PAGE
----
Please login or subscribe to ITN to read the entire post.
Many visitors equate Cuba with vintage American cars, which were brought to the island before Fidel Castro seized power in 1959. Many, like this one, are used as taxis. Photo by Tom Auciello

by Carol Pucci; Seattle, WA

As my husband, Tom, and I got ready to board our Cubana flight to Havana from Cancún, Mexico, the men in line next to us checked in three flat-screen Samsung TV sets and took aboard, as carry-on luggage, a stack of Italian panini presses.

The plane was Soviet made. The snacks were Canadian. We knew we were on our way to Cuba when, once airborne, the flight attendant offered plastic cups of Havana Club rum.

An hour later we landed at the modern, efficient José Martí International Airport. An Immigration agent checked our passports but didn’t stamp them. Then we passed through metal detectors, where a security worker in tight white shorts, a black tank top and white sandals wanded us down. TSA, not!

“Welcome to Cuba,” she said with a smile, and we were in. 

First impression

My most lasting memory of this November ’11 trip, my first to Cuba, is riding with a friend in a 1955 cream-colored Chevy taxi on the 4-mile-long Malecón, Havana’s oceanside boulevard, as saltwater splashed over the seawall and “Hotel California” played on the radio.

We were headed to La Coppelia Havana, a sprawling ice-cream emporium that could be mistaken for a slightly run-down amusement park. Built by Fidel Castro in 1966, it was supposed to be Cuba’s answer to Howard Johnson’s.

Everyone there was smiling. Even a wait in line — sometimes two to three hours on busy weekends — turned into a party, with couples kissing, kids playing and strangers striking up conversations.

We watched in awe as our Cuban tablemates ordered 10 plastic dishes of ice cream — 50 scoops in all for about 4¢ each, a grand total of $2.

“Frienemies’’ is what one Cuban jokingly called the few American travelers he’s seen there. Tourism is booming — to the tune of about 2.7 million visitors in 2011 — but because the US government forbids American travelers from visiting Cuba unless they are on educational or cultural tours, it’s mainly Canadians and Europeans filling the hotels and tour buses, sipping mojitos and riding around in the vintage American cars or yellow, open-air, oval taxis called “little eggs.”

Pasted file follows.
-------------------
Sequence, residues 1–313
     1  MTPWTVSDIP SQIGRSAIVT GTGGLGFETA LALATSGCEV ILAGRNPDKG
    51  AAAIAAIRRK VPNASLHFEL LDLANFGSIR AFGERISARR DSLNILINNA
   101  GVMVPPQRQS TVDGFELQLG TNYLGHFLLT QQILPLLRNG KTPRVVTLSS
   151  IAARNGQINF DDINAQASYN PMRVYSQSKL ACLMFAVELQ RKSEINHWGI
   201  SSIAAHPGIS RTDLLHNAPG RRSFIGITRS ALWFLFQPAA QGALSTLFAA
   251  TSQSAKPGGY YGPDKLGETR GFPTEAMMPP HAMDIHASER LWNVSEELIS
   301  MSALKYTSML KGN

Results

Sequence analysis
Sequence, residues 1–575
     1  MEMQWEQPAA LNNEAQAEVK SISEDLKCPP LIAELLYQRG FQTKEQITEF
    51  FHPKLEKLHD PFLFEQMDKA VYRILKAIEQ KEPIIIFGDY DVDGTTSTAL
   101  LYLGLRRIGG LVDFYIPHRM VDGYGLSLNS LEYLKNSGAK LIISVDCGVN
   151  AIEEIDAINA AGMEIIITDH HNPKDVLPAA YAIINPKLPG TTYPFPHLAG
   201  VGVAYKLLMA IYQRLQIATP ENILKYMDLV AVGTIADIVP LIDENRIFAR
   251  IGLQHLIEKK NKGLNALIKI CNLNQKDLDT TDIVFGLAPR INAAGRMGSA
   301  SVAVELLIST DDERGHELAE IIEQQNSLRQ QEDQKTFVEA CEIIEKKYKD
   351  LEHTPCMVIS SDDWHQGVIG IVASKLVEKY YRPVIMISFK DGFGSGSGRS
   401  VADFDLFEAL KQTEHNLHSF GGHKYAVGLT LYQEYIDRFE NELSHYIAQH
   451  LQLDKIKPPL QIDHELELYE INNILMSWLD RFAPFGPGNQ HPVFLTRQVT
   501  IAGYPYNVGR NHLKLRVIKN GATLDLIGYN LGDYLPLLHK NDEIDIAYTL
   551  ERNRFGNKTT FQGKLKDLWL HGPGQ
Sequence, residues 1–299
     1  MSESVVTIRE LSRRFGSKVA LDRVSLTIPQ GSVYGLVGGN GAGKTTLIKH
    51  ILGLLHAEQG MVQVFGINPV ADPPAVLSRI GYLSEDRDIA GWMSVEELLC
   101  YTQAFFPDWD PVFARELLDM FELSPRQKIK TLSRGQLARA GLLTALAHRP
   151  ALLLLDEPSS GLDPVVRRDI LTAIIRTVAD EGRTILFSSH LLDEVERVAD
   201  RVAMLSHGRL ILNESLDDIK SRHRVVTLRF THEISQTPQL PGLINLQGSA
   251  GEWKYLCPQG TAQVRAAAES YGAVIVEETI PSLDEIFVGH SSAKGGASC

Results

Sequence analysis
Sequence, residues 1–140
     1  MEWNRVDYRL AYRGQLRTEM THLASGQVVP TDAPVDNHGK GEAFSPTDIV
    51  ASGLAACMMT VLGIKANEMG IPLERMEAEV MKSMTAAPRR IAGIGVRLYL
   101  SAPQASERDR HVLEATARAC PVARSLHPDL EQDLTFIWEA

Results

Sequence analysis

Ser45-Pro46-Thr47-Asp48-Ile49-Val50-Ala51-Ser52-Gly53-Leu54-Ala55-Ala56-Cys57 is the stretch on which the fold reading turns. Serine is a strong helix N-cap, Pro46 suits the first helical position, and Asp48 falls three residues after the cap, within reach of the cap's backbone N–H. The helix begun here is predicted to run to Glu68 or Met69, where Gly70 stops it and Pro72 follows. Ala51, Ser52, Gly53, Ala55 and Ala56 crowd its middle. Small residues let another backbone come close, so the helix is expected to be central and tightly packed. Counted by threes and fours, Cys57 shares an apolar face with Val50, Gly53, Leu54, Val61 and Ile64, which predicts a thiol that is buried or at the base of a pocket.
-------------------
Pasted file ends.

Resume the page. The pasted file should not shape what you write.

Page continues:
Life in Cuba

Because we were traveling on a tour with Global Exchange, which had the required license to operate this tour for professionals doing research, I had the freedom not only to travel with the group but to spend another five days exploring on my own, seeing Cuba as it is, in the ordinary rhythms of life. 

A socialist state just 90 miles from Key West, Florida, it’s changing fast as Fidel’s brother, Raúl Castro, attempts to remake a state-controlled economic system that has left its citizens dependent on jobs and subsidies the government can no longer provide.

“Every morning, we wake up and there’s another change,” said our group’s guide, Jesus Noguera, dressed comfortably for Havana’s heat and humidity in sandals, a green polo shirt and khaki shorts.

On that day, it was an announcement that farmers, once they’ve met their quota for providing the government with produce at set prices (often so low, they discourage production), can now sell any surplus directly to hotels and restaurants at whatever price they can get.

The woman above is a fortune teller, stationed outside the church of the Virgen de Regla in Havana, a historic church where members practice the Christian Afro-Cuban religion called Santería. Her fee for curious tourists was five convertible pesos, the equivalent of a week’s salary in a state job or the amount a tourist might pay for two mojitos in a hotel lobby bar.

This followed news that Cuban residents can buy and sell homes and used cars (previously, only trades were officially permitted) and start many new types of private businesses, including home restaurants, called paladares, and casa particulares, Cuban-style bed-and-breakfasts.